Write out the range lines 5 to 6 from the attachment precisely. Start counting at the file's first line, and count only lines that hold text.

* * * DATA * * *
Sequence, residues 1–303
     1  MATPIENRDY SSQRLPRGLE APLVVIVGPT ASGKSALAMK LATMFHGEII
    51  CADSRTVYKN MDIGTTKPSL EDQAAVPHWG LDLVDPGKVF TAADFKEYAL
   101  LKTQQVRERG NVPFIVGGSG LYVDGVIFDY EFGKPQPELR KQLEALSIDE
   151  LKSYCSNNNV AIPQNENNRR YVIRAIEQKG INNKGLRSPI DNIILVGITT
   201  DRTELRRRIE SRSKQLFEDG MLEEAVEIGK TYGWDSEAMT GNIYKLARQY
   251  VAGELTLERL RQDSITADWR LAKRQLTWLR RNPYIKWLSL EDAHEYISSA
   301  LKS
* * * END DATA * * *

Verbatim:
   151  LKSYCSNNNV AIPQNENNRR YVIRAIEQKG INNKGLRSPI DNIILVGITT
   201  DRTELRRRIE SRSKQLFEDG MLEEAVEIGK TYGWDSEAMT GNIYKLARQY